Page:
The dive into retail is bound to be expensive for Xiaomi, and a gamble when the company is almost legendary for its razor-thin profit margins on hardware. It might not have much choice, mind you. While it’s true that Xiaomi is well-established, its smartphone shipments plunged this year — in no small part due to rivals like Huawei, which has a whopping 11,000 stores across China. Physical stores could both snap up more impulsive buyers and remind customers that Xiaomi is still a force to be reckoned with. There’s no guarantee that it’ll work, but Apple’s recovery in the 2000s was partly credited to launching stores that both increased availability and presented its products in the best light. Xiaomi is no doubt hoping for a similar effect.
Via: Tech in Asia
Source: Shanghai Daily
We were already big fans of Xiaomi’s Mi 5 flagship smartphone, so it’s only natural for the Chinese company to build on this model’s success by bringing us the Mi 5s. It should be no surprise that this dual-SIM device — which has ditched the glass body to become fully metallic on the back — packs Qualcomm’s latest and greatest Snapdragon 821 chipset (as featured on the ASUS ZenFone 3 Deluxe), meaning it offers not only improved computational performance but also super speedy tri-band 4G carrier aggregation. As a bonus, it features up to 128GB of fast UFS 2.0 storage plus up to 4GB of LPDDR4 RAM. So what’s the real interesting bit about the Mi 5s? If you ask us, we’d say it’s the new under-glass ultrasonic fingerprint reader on the front.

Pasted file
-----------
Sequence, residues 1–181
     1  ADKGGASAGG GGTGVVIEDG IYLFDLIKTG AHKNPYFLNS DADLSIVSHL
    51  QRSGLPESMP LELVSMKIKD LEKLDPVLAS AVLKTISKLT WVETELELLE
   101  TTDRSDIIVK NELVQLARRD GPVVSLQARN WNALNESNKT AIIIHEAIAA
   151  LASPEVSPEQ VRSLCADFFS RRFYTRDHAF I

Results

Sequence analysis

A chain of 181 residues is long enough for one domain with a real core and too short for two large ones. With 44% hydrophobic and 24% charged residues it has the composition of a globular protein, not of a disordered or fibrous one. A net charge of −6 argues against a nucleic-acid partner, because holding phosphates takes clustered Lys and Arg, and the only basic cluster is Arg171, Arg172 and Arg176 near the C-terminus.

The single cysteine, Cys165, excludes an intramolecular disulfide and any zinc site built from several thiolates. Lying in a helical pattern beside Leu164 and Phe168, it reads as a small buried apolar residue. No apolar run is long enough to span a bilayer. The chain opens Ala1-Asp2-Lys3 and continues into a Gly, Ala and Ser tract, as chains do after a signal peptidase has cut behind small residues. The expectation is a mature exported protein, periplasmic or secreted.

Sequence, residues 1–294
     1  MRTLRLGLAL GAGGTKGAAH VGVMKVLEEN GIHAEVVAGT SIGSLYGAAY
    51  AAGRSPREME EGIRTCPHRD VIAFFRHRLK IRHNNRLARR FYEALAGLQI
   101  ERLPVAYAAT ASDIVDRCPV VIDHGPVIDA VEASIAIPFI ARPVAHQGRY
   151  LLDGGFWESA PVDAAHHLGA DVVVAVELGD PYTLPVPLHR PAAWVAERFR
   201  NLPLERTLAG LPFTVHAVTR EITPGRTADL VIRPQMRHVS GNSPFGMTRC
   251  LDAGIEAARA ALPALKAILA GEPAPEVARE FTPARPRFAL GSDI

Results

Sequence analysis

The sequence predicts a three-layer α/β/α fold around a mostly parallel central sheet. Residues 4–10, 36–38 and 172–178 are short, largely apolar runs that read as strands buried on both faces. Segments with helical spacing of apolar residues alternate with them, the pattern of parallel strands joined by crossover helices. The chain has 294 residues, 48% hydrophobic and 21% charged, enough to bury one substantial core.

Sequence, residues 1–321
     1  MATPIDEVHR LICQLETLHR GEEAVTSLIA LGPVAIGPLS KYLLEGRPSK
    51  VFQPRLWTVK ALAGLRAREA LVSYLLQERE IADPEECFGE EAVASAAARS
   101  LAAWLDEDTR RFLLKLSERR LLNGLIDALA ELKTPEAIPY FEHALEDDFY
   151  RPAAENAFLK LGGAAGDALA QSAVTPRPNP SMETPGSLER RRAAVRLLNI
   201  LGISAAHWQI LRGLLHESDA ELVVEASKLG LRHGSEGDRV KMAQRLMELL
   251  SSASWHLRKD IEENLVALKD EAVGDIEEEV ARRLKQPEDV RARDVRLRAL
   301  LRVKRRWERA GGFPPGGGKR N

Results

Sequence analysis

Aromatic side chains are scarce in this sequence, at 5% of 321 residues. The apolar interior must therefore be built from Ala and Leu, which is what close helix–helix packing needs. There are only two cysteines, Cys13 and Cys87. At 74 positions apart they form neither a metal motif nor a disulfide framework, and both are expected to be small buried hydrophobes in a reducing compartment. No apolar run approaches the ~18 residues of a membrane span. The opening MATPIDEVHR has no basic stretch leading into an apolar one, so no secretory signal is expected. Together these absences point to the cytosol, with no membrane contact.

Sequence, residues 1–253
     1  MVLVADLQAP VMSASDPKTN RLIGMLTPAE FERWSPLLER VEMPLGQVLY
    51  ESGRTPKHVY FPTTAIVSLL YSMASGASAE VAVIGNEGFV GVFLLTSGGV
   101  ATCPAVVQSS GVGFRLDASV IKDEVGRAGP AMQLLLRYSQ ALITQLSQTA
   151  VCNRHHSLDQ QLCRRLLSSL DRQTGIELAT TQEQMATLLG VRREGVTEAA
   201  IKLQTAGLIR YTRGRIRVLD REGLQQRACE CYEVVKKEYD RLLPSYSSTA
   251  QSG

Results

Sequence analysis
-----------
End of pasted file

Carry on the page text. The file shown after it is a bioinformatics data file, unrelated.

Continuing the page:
At today’s launch event, CEO Lei Jun spent a good amount of time explaining the merits and challenges of integrating ultrasonic fingerprint technology into his phones. Xiaomi had actually been exploring this option since October 2014 while planning for the Mi 5, in the hopes of avoiding the need to cut a hole on the glass for the fingerprint sensor. That way it’d be slightly cheaper to make, more aesthetically pleasing and more durable. Ultrasonic also tolerates dirty fingers better than its capacitive counterpart which would solve a big pain point. Just to be safe, Xiaomi actually prepared two prototypes for the Mi 5 back then: One with a hole on the glass for the conventional capacitive reader, and another without a hole courtesy of an earlier version of the ultrasonic sensor.
Of course, the Mi 5 eventually went with the capacitive button solution, as it wasn’t until July this year when the ultrasonic sensor finally became mature enough for mass production. Hence its debut on the Mi 5s. Even though it’s an under-glass solution (there’s no word on whether this is Qualcomm, LG or Synaptics’ solution), Xiaomi still carved out a little dent on the screen’s 2.5D glass to help guide our fingers — which should come in handy if we want to unlock the phone just as we’re pulling it out of our pockets.